Saturday May 25, 2024

Traditional 'unnatural selection'

Almost all of Fatima Munir Amjad’s paintings are like a diptych portraying two sides of a coin. In her case she wants to bring forth the hypocrisy of our society about everything associated with women.

By Nadeem Zuberi
October 22, 2019

The first impression visitors have, when they enter the Canvas Gallery, Karachi is of beauty and tranquility just as if they are in a garden. Colourful flowers scattered everywhere on the walls in Fatima Munir Amjad’s paintings welcome Karachiites to her solo show titled ‘Unnatural Selection’.

It is indeed a unique idea to try to find something unnatural in nature. Flowers are one of the most beautiful creations of nature and Fatima used them symbolically to portray our society where the selected area of the paintings depict our traditional behaviour of selecting certain things or roles regarding women.

Almost all of her work is diptych portraying two sides of a coin. In her case she wants to bring forth the hypocrisy of our society about everything associated with women. Whenever we talk about an issue there has always been two solutions – one about men and other about women creating an imbalance in our society. We have seen men and women as two different creatures not as human beings. Women are supposed to act and react according to certain guidelines taught to them from home to school and in their career life. Many women follow the rules just to avoid unnecessary criticism and live a normal life according to society but some rebel and live against the odds.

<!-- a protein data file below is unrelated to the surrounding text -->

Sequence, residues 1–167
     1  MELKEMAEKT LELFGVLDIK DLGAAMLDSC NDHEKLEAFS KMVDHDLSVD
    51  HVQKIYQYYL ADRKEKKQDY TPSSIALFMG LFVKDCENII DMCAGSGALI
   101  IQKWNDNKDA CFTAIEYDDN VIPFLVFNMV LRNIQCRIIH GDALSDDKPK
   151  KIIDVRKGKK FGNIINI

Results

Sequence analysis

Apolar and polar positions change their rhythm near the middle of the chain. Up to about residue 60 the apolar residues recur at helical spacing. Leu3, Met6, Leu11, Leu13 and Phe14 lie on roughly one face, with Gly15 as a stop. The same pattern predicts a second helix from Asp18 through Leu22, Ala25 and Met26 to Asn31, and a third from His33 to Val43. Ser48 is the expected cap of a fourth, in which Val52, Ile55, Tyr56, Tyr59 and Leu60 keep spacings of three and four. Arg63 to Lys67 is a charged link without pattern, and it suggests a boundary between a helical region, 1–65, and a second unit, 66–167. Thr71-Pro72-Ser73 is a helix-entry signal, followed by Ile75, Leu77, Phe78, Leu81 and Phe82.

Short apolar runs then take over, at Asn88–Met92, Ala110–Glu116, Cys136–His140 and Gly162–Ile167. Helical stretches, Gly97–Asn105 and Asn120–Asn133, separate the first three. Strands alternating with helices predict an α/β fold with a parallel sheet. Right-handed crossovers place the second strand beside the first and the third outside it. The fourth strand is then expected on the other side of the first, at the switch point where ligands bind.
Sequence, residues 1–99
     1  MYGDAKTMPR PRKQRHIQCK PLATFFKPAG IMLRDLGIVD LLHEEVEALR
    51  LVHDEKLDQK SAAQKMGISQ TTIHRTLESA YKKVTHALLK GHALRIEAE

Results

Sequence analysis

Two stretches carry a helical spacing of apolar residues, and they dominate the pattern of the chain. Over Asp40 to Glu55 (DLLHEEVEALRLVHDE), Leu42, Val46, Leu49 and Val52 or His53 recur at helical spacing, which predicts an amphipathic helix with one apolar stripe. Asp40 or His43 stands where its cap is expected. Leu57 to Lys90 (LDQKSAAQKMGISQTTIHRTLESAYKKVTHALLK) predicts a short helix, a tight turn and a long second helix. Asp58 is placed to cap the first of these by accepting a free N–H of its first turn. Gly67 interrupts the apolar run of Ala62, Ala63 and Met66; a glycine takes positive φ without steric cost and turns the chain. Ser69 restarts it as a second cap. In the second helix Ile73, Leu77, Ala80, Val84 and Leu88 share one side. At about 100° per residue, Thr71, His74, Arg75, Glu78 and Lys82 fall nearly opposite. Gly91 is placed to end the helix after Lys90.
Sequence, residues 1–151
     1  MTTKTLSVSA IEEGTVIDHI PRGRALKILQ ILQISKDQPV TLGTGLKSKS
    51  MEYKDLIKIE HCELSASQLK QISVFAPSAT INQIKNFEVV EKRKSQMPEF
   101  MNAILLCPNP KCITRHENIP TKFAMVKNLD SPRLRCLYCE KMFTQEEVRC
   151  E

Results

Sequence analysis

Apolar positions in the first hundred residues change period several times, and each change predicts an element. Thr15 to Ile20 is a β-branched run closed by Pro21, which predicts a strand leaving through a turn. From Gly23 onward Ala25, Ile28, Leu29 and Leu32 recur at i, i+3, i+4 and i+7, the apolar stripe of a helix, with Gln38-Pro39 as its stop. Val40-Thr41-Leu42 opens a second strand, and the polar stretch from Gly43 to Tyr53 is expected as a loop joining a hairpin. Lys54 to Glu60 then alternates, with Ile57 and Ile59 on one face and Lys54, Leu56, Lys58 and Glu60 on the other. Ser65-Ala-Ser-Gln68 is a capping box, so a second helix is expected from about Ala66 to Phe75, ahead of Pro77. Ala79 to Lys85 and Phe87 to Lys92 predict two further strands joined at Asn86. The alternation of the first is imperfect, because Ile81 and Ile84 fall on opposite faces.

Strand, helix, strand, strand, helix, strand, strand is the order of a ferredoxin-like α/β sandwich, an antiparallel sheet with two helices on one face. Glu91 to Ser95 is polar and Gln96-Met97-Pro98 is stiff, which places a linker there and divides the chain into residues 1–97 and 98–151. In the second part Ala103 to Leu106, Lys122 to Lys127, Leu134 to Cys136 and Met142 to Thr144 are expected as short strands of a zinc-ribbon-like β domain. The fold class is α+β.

The selected areas in her paintings represent attributed roles given to women by the society, which are like burden she is expected to carry her whole life maintaining balance between her real self and the expected self. All the diptychs have a colourful picture of flowers and the other half portrayed the shadow and outline of the first image depicting the hollowness of life – a life outlined by someone else for you to live. And that is really an ‘Unnatural Selection’ for women in our society.

“The world may be taking small but steady steps forward in the fight for women’s rights yet even in privileged circles, such as the one I belong to, a strong, independent woman with thoughts, ideas and a voice is not a man’s equal,” Fatima said in a statement.

Fatima used traditional object – flowers related to feminism and evolved it to incorporate images according to the theme of the paintings. In her latest series of works, she re-appropriates the metaphor of flora, to encapsulate the notion of the ‘wallflower’, the symbol she ascribes to as the female subjugated by patriarchy.

She has expressed her experience of these unnatural imbalances, the simplistic reduction of a woman to the functions that serve an imbalanced society, through basic geometric forms, which mimic the limited roles ascribed to the fairer sex. Through repetition and subtle, clever manipulation of form, she transmits a message both deeply personal as well as universal.